Chile could build CSP at $76/MWh; PV hike cuts CSP share in Spanish lockdown

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Chile study estimates CSP costs at $76/MWh near Copiapo

CSP plants could be built at a levelized cost of energy (LCOE) of $76/MWh near the city of Copiapo in northern Chile, according to a report by researchers at Santiago's Universidad Tecnica Federico Santa Maria and the Fraunhofer Chile Research Foundation.

The researchers estimated CSP production, capital costs, operational costs and financial parameters at different locations to build a map of potential CSP projects. The team assumed a plant capacity of 130 MW and lifetime of 30 years. Capex costs represented 66% of total investment and the discount rate was 7%.

The highest potential for CSP development is found in a huge land area stretching from the far north region of the Arica and Parinacota region down to the Coquimbo region in central Chile, the study said. This area enjoys high irradiation levels of over 9.5 kWh/m2/day and moderate wind speeds for most of the year, it said.

The average LCOE of new CSP plants in this region is estimated at $89/MWh and costs fall to as low as $76/MWh near Copiapo, the researchers said.

EIG Atacama Management is currently building Chile's first CSP tower plant in the Antofagasta region, around halfway up the high-potential area set out in the study.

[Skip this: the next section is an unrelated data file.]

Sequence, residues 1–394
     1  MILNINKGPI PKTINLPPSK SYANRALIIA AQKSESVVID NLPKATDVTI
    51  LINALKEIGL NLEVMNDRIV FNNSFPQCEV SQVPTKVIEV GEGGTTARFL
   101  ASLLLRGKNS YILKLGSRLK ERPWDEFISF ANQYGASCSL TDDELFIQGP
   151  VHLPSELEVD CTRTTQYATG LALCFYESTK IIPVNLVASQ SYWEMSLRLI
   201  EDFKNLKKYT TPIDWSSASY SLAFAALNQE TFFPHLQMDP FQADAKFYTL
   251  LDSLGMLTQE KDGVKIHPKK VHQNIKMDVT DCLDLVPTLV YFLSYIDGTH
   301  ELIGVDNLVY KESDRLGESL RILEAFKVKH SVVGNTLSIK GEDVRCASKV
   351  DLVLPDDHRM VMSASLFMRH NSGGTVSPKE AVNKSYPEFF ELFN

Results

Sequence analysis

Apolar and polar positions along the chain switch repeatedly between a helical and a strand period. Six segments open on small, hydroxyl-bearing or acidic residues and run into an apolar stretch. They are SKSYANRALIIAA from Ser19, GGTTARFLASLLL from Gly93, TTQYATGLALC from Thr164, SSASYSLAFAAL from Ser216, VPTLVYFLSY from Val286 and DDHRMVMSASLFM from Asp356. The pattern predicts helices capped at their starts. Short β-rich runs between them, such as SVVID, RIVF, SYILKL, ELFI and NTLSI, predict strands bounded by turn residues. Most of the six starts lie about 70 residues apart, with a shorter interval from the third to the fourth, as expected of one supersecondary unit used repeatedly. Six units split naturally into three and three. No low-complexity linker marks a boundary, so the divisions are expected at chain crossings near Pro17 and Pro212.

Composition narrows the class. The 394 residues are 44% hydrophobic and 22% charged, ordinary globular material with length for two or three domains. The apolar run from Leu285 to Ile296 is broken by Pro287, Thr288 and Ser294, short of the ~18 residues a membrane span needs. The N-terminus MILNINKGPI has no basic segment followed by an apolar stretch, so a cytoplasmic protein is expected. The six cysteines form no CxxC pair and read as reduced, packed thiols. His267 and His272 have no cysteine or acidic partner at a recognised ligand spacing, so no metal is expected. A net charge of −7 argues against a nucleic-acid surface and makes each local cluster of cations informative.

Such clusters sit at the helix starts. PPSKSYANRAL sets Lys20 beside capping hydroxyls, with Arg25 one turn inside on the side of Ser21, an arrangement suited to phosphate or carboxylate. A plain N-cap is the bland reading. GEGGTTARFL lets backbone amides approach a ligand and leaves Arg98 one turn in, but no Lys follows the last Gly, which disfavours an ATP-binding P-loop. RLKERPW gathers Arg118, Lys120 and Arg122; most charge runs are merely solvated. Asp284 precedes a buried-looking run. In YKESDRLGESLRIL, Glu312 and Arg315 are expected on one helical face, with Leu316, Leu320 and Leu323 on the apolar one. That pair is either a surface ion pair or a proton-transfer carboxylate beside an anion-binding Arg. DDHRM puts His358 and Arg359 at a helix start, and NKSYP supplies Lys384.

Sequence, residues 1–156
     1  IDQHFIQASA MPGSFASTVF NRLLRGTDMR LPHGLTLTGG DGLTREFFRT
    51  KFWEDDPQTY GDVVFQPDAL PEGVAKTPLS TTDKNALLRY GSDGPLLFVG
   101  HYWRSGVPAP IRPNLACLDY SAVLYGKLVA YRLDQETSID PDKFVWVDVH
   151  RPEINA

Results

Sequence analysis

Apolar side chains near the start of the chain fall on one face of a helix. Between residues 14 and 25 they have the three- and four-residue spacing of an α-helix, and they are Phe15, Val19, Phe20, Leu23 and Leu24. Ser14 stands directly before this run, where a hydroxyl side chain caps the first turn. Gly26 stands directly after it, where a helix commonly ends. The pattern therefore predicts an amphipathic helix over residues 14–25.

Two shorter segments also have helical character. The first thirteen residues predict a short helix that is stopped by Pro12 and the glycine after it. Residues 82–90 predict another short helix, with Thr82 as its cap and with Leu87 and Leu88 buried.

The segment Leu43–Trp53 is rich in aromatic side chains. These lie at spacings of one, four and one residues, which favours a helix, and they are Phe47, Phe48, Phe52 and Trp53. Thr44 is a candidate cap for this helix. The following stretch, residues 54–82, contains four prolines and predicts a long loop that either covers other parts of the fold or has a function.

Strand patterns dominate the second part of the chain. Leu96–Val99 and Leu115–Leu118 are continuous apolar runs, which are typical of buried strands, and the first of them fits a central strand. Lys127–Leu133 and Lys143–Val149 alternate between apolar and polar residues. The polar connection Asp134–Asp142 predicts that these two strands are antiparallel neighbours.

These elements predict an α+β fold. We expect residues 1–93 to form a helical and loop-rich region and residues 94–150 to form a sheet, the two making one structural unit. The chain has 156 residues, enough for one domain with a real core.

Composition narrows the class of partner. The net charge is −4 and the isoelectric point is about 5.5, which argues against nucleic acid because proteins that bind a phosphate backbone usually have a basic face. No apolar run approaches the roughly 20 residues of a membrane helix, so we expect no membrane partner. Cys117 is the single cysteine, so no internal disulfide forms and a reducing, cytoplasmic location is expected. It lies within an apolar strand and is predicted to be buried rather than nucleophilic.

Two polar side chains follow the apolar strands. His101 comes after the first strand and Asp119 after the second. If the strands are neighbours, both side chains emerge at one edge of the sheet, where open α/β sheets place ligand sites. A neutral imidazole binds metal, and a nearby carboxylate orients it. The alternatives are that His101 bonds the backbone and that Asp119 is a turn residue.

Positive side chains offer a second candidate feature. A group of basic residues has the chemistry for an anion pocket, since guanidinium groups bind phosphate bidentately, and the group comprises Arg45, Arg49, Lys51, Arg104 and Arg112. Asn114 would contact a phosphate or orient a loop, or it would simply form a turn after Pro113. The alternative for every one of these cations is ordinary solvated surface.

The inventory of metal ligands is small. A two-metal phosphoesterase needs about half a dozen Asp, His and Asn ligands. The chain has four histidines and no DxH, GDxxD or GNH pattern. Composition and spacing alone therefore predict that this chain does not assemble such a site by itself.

Due online this year, the 110 MW Cerro Dominador plant features a record 17.5 hours of molten salt thermal energy storage capacity and will be combined with an operational 100 MW PV plant to supply power 24 hours a day. Back in 2014, the Chilean government awarded the project a 15-year power purchase agreement (PPA) at a price of $114/MWh but CSP prices have fallen dramatically since then. Last year, Morocco allocated an 800 MW CSP-PV project at $71/MWh, beating an earlier record of $73/MWh set in Dubai.

Owned by EIG energy funds, EIG Atacama Management also hopes to build a 450 MW plant at Likana, Antofagasta and expects to bid a record-low CSP price for the project in a tender later this year.

"We are working with different EPCs [Engineering procurement construction groups] to get good pricing. We are squeezing everything we can to make a good offer in the market," Fernando Gonzalez, CEO of EIG Atacama Management, told the CSP Madrid 2019 conference.

Spain's CSP share fell by half during first full month of lockdown

As COVID-19 lockdowns cut Spanish power demand in April, power prices fell and PV output climbed, reducing the share of power supplied by CSP plants, data from Spain's grid and market operators showed.

Spanish power demand in April slumped by 17% a year ago as COVID-19 restrictions sliced industrial demand, grid operator Red Electrica said in a statement. Spain imposed a strict nationwide lockdown mid-March and further tightened restrictions in the first two weeks of April.

As demand slumped, day-ahead power prices fell below 20 euros/MWh ($21.7/MWh) for much of April, data from wholesale pool power price operator OMIE showed.